He can be verbose and pompous, and his memoir is used to settle old scores. But the former speaker will be remembered for championing parliament in the face of an arrogant and incompetent executiveby Chris Mullin / March 2, 2020 / Leave a comment
It is not every day one finds oneself in agreement with Jacob Rees-Mogg. At the height of the Brexit crisis, a BBC interviewer invited him to denounce John Bercow. “I won’t do that,” he replied, “because I think he is a historically significant Speaker.”
For what it’s worth, so do I. In an age when politics and politicians in general are low in public esteem, he has done more than any other Speaker of recent times to increase the power of parliament to hold to account an over-mighty executive. Thanks to Bercow the average backbench MP is now better placed to challenge ministers than at any time in living memory. As he highlights in his new memoir, Unspeakable, he has also played an important part in encouraging parliament’s transition from a cosy, insular, self-satisfied gentlemen’s club to one that better reflects the people it is supposed to represent.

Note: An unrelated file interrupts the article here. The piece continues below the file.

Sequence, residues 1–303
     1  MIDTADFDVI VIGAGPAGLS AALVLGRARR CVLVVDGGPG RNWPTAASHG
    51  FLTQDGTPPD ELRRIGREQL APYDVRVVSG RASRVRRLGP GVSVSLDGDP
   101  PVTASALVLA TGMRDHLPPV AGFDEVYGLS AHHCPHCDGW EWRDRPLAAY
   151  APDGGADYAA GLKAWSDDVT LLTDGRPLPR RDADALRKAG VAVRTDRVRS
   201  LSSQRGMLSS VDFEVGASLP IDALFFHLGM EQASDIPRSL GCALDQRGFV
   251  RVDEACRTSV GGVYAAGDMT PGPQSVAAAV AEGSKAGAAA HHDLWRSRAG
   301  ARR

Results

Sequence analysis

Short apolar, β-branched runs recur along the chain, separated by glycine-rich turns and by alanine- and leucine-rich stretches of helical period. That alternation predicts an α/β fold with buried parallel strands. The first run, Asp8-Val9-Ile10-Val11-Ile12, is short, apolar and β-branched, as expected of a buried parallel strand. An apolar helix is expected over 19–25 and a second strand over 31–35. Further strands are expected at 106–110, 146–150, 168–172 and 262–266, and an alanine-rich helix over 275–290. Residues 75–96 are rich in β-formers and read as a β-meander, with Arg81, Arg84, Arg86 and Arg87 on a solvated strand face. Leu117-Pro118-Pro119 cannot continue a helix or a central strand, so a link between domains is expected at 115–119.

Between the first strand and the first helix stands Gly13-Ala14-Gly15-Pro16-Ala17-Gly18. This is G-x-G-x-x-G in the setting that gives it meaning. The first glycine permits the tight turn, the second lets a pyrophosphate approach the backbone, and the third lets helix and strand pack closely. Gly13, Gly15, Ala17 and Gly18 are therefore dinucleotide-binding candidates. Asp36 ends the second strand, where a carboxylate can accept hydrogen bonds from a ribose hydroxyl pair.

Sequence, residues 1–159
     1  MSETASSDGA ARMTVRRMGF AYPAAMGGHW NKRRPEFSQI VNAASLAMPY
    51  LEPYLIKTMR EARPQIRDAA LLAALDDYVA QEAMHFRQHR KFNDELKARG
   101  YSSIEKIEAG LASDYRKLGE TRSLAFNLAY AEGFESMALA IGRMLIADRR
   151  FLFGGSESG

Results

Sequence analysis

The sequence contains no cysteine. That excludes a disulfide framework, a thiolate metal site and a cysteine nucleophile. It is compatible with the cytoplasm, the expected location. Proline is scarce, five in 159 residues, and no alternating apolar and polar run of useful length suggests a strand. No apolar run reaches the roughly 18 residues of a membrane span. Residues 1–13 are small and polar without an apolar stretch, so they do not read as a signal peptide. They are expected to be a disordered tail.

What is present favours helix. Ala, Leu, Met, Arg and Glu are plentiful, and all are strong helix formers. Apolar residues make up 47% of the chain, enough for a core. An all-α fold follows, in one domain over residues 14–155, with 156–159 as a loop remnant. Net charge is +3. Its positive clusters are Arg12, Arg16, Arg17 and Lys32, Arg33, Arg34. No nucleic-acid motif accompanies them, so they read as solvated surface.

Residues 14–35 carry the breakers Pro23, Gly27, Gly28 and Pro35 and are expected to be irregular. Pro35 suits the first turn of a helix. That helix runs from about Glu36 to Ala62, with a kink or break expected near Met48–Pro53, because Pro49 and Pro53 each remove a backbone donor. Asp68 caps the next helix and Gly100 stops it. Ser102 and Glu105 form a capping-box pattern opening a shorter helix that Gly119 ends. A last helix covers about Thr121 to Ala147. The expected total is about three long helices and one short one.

During my 23 years in parliament, I served under four Speakers—Jack Weatherill and Betty Boothroyd were universally respected and of undisputed integrity, but they were both in their way establishment figures unlikely to rock many boats. Michael Martin, born in the slums of Glasgow, was a decent man, but sadly not up to the job. Martin had the misfortune to be in the hot seat at the time of the parliamentary expenses meltdown, which led to his resignation. I overlapped with Bercow only in my final year, but it was apparent from the outset that he was cut from different cloth than his predecessors: relatively young, energetic, radical and outspoken. He was also loathed by many Tory MPs.
How did someone who enjoyed little support on his own side come to be elected to one of the highest offices in the land? After Martin’s resignation in 2009, the Tories went around saying it was their turn and the tribalists on the majority Labour side said: “OK, if you want a Tory, we’ll give you one,” and went out of their way to choose the candidate least palatable to their opponents. Bercow was resented because of his long and highly…